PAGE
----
Separate But Equal

By Kevin Frazier

Pick up a Constitutional Law textbook and flip to Brown v. Board of Education. A quick read will tell you that Brown ended the notion of “separate but equal.” In that 1954 decision, the Supreme Court recognized that public education is the “very foundation of good citizenship”, that accepting segregation meant perpetuating the stigmatization of minorities, and that tolerating state-sanctioned separation of children would generate “a feeling of inferiority [in students that] may affect their hearts and minds in a way unlikely to ever be undone.”

 

In short, the Supreme Court claimed to acknowledge that segregation was a ceiling on the potential of the separated. In practice, the Supreme Court soon helped reinstall the ceiling it was supposed to have shattered — partially due to the Court’s failure to fully enforce Brown, students of color and students of lesser means are more separated than ever, continue to be stigmatized, and remain unable to reach their full potential.

 

Flip through that same textbook to a few more cases and you’ll see how quickly the Supreme Court and the public at large gave up on building a stable foundation for every American child — white or black, rich or poor.

 

A mere two decades after Brown, the Supreme Court put the first large crack in the foundation it was supposed to protect. In Milliken I, a 1977 case involving an attempt to conduct inter-district integration between schools in Detroit and the nearby suburbs, the Court surrendered to White Flight. Separate but equal was OK; so long as you didn’t live in the same school district, a difference in opportunity on the other side of the line was another town’s problem.

 

Then, in Missouri v. Jenkins, the Court created a new crack. After lower courts tried to direct local tax funds toward improving majority-minority schools, the Supreme Court gave state and local governments an out: those equality-driven payments were becoming too expensive; and, it should be on local governments to solve the problems they’ve created — not judges on a bench.

 

A nearly fatal crack came in Board of Education of Oklahoma City v. Dowell. This case marks the point at which the Supreme Court acquiesced to officials who complained that desegregation was just too hard and too complex. Rather than require a local school board to persist in efforts to afford students of all races and backgrounds the resources and opportunities they deserve, the Court decided to let the officials off the hook. In a five to three decision, the Court stated that good faith efforts to reduce segregation were sufficient to dissolve court orders specifying that the district had to reach specific thresholds of integration. In other words, trying hard to reduce inequality was enough for the Supreme Court.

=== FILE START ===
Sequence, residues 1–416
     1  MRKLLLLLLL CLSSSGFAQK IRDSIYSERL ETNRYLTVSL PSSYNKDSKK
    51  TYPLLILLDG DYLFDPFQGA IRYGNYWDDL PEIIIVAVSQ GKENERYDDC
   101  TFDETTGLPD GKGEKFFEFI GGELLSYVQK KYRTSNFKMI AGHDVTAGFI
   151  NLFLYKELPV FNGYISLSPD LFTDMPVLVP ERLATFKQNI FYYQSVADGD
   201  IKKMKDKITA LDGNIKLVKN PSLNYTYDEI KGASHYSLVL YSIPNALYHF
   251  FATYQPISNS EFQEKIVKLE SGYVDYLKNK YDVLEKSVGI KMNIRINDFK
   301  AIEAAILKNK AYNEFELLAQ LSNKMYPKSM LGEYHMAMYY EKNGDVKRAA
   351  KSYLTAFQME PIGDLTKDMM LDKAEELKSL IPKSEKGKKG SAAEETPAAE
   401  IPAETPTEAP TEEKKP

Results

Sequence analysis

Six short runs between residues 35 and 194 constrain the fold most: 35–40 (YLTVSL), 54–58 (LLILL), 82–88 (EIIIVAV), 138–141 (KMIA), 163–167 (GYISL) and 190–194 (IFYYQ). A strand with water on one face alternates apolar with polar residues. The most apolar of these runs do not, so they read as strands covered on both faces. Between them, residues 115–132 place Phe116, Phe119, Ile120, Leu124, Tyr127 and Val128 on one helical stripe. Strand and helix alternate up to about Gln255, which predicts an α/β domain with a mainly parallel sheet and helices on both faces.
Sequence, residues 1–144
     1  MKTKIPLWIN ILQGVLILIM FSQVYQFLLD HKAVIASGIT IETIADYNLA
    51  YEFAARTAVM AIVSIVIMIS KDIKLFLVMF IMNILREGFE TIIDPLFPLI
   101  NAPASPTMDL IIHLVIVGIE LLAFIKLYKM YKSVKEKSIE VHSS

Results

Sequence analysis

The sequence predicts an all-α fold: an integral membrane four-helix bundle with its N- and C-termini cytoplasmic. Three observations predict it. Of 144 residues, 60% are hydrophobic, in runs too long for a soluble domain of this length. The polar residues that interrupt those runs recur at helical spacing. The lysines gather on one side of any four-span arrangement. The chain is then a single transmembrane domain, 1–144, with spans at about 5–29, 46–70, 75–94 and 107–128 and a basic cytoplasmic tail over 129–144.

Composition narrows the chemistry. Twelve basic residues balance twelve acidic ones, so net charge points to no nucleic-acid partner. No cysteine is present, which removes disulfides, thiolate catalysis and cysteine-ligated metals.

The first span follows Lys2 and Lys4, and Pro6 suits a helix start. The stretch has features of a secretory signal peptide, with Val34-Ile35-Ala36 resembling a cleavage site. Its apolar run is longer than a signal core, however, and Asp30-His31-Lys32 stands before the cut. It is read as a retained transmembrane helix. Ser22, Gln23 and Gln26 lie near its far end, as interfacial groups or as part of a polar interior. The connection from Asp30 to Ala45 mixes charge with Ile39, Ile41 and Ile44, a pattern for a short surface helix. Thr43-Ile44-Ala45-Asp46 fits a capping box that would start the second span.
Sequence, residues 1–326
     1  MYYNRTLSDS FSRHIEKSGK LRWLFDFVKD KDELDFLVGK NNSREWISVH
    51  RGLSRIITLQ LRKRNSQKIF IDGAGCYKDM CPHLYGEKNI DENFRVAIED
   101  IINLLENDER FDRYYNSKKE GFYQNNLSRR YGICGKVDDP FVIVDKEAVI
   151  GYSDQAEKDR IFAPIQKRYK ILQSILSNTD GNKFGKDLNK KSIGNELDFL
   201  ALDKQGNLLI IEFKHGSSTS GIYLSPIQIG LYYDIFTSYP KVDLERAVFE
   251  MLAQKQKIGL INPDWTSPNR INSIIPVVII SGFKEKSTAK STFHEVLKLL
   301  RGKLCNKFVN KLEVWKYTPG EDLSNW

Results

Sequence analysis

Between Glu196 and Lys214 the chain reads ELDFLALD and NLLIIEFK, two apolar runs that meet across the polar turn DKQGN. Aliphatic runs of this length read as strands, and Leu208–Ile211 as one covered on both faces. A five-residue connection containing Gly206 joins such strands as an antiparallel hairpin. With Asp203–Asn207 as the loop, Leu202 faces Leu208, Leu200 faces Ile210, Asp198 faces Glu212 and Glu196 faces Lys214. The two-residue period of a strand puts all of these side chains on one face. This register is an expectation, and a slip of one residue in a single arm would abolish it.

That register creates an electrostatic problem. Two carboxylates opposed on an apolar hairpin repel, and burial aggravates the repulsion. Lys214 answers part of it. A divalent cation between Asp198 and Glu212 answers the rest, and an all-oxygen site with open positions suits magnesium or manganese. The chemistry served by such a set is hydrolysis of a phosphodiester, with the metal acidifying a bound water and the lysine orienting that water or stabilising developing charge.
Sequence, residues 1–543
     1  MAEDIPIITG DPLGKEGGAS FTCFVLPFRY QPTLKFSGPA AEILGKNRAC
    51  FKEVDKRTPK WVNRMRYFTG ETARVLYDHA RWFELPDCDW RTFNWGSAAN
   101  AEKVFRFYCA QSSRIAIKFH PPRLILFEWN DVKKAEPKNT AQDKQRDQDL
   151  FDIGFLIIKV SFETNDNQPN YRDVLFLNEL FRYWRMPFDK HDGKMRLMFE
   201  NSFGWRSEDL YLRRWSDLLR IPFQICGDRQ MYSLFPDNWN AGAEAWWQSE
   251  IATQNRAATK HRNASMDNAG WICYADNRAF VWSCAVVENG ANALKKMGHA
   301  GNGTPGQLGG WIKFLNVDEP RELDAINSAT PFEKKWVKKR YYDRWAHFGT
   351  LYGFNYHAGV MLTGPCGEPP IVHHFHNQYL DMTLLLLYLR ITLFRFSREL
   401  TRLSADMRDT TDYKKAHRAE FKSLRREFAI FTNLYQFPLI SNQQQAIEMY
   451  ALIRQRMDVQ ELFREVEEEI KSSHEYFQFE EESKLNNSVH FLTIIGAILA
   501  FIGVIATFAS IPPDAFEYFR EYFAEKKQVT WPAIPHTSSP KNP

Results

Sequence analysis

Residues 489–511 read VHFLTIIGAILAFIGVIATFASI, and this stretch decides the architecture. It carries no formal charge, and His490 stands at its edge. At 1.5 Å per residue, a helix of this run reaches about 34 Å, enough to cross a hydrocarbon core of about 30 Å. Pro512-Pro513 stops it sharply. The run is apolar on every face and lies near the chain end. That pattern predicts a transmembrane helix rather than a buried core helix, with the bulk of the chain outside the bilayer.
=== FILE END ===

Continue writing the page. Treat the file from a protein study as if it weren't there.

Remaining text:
Since then, so-called “best efforts” to afford all students the high quality education at the foundation of our society have unsurprisingly failed. In Dowell, the Court essentially acknowledged that segregation was a product of much more than racially-motivated school officials. Rather than hold society responsible for the continuation of segregation, though, the Court simply threw in the towel. Over time, the myriad factors and actors perpetuating segregation of opportunity based on income and race have only grown in complexity and number.

 

“The scope of the violation determines the scope of the remedy.” That’s the principle the Court employed in Milliken Ito justify sequestering the children of families leaving for the suburbs from the inner-city kids of Detroit. This principle ought to be re-examined. The scope of our violation of the hopes of Brown — laying a foundation for all kids to become good citizens — is wider than the Justices in 1977 could have ever imagined. It follows that the scope of the remedy must also be more extensive than previously imagined.

 

Realizing the aspirations of Brown requires addressing the panoply of issues perpetuating racial and class divides. We can’t solve segregation at the school district level. Society has to get involved. I’m not sure where best to start: there are a lot of policies out there, from a universal basic income to a federal job guarantee, from baby bonds to subsidies to move to higher income communities. We don’t have to decide which is best now, but we should start acting with much more than “deliberate speed”. All of the aforementioned policies and others that are at least as bold and transformative must be on the table, implemented, iterated, reformed, and spread.

 

America was supposed to start upending structural inequality in 1954. We have a lot of time to make up for and a lot of foundation to lay. This sort of change is bigger than the outcome of any election. It’s on us to make sure that the next Congress and next President take the need for unprecedented action seriously. Voting is one thing. Now we have to make sure they govern.

 

 

Kevin Frazier is a born and raised Oregonian. He is pursuing an MPA at HKS and a JD at the UC Berkeley School of Law. In his spare time, he runs The Oregon Way blog and covers the nexus of technology and good governance.

 

 

 

Photo by: Giammarco Boscaro